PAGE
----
A while back I was asked about an issue with a migrated domain controller . The issue was that one of the migrated domaincontrollers no longer could talk to the others. My initial suspicion was that the computer account on that domain controller was changed.

When we looked in the Active Directory, all seemed fine. The date of the last password update on that AD object was the same on all server. But the issue was there. I suspect that the sending party not stop the machine but did a snapshot and send the image to us. And that the machine changed changed its secret during the migration window. The timestamp on the object was close enough that decided to call that this was the case.

Sorting it out. Use nltest /SC_RESET to force the machine password to be correct against the Active Directory. Then the machine came back and everyone was happy and I was reassigned. BUT I really hope they looked into the possiblity of SID being reused due to going back in time.

But, we only reset it. I would like that the next time I can actually prove what happened, instead of me doing an educated guess. So lets dig into that. For another blog article I was looking into the local SID. That part was protected in the Security part of the registry.

Doing it manually.

  • First of we need to get access. Lets use psexec64.exe to achieve SYSTEM level access. The command you are looking for is psexec64 -sid cmd.exe. Now that we are SYSTEM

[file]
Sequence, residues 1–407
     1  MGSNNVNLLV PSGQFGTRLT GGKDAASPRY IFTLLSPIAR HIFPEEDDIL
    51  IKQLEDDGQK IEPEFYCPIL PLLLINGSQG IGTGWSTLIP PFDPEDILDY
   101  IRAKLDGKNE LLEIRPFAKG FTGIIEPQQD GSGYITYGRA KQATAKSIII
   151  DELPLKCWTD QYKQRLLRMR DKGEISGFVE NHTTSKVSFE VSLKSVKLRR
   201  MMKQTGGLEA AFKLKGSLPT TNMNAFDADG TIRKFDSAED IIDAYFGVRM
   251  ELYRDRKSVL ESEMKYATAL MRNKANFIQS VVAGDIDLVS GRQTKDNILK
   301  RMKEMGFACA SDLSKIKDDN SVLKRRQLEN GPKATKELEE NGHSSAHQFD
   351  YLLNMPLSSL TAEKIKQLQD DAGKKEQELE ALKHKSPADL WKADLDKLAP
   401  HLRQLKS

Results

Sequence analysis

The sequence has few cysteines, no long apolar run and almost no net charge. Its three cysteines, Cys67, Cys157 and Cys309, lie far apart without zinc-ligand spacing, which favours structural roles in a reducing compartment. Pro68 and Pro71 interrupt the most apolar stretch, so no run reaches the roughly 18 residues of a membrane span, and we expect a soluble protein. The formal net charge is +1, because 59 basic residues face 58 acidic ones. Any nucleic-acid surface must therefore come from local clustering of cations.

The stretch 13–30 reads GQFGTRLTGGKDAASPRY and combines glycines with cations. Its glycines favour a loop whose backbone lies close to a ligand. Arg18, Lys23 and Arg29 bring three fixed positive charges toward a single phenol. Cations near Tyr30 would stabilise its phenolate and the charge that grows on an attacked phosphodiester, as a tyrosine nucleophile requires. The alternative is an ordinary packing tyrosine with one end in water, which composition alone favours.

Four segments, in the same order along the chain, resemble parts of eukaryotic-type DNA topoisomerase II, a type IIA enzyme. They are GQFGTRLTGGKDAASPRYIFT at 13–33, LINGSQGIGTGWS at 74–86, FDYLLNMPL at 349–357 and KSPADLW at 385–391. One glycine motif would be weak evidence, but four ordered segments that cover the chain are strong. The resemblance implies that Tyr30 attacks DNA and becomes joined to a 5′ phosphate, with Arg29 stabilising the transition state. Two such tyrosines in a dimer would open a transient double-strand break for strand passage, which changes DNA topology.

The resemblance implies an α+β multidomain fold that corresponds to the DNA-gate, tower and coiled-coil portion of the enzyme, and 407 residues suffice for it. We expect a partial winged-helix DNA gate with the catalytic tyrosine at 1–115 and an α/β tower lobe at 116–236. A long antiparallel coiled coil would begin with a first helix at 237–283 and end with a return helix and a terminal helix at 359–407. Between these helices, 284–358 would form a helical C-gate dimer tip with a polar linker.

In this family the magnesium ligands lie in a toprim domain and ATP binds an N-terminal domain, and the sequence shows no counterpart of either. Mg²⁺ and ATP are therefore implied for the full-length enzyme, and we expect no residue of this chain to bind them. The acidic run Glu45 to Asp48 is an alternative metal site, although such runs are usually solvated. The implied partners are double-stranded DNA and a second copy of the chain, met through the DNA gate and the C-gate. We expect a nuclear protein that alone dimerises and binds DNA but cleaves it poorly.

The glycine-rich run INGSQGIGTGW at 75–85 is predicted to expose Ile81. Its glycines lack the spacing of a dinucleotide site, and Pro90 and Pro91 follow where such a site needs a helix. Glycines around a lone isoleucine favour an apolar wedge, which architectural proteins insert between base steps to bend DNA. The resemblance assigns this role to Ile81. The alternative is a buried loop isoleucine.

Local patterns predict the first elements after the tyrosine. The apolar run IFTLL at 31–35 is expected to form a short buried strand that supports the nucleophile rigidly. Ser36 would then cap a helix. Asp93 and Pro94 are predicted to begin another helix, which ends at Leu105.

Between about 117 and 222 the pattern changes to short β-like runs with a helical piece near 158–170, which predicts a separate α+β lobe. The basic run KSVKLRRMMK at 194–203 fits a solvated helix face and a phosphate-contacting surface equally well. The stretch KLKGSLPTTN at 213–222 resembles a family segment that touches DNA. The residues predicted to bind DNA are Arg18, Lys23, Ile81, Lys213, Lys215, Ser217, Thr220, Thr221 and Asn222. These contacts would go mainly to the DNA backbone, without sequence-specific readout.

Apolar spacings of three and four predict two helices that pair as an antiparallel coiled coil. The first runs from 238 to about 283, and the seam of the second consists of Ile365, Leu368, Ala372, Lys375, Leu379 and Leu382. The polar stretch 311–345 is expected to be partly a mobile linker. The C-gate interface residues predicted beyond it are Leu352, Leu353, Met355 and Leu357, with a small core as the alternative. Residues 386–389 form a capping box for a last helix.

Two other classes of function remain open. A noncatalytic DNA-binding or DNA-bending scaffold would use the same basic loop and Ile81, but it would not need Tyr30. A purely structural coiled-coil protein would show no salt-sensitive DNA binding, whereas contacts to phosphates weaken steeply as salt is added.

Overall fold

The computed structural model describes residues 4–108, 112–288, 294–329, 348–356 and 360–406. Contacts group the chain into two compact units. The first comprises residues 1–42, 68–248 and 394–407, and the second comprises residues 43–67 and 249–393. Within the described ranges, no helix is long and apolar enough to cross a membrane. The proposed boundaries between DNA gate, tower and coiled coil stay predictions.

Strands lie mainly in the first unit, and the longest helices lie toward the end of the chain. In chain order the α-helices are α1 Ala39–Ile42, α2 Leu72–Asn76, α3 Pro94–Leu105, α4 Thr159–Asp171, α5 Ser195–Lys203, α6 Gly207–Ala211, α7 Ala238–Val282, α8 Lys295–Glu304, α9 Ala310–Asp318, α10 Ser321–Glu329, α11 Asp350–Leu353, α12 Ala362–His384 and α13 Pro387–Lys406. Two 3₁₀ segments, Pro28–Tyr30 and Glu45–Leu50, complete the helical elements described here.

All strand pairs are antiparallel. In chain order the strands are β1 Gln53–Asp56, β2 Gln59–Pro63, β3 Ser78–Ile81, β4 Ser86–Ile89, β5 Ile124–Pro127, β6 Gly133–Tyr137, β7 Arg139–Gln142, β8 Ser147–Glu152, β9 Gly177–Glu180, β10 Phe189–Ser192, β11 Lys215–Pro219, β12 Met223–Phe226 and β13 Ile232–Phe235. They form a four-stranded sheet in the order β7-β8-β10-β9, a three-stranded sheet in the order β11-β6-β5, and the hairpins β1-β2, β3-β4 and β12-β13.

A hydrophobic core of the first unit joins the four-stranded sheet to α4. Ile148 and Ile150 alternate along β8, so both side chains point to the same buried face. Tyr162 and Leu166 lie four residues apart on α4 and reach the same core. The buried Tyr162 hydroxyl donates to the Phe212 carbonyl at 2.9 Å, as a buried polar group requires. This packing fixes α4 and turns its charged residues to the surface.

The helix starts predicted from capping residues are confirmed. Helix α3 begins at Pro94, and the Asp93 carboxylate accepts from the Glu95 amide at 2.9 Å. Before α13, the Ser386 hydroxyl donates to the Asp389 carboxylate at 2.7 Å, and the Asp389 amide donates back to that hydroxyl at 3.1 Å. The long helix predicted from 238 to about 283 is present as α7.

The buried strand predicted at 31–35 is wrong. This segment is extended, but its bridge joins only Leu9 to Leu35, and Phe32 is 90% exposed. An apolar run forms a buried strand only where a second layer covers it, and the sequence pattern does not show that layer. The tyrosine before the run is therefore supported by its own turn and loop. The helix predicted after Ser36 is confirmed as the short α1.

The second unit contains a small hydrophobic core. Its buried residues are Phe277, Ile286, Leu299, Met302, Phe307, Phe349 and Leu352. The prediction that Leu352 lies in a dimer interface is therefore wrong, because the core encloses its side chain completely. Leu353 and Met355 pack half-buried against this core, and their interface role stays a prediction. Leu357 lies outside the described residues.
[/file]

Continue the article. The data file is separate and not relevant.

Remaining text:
• Lets get the time reg query HKLM\SECURITY\Policy\Secrets\$MACHINE.ACC\OupdTime.
  • Since my system is a little Endian system, we need to reverse the octets to get the value.
  • After reordering the values we convert from hex to dec.
  • Then just use w32tm to convert from filetime to normal datetime.
  • w32tm /ntte 132782615805693462 will return the date.

Automating it with Powershell

You still need to become system first. But then we can let Powershell do all the heavy lifting.

$MachinePasswordLastSet=(Get-ItemProperty -Path 'HKLM:\SECURITY\Policy\Secrets\$MACHINE.ACC\OupdTime').'(default)'
$filetime=[bitconverter]::ToUInt64($MachinePasswordLastSet, 0)

Proving it

So lets run the automation and then force a change of the secure channel. You can force a change nltest /SC_CHANGE_PWD:%USERDNSDOMAIN%, okey I know this requires that the user is in the same domain.

I made the Powershell a one liner, but I feel for readability it is better to have it on more row when sharing it.

How can we use it

We can compare to the date on the machine and the Active Directory. So next time we can prove it.

Also if you are going to migrate stuff. Make sure domain controllers are turned off. No half assing it.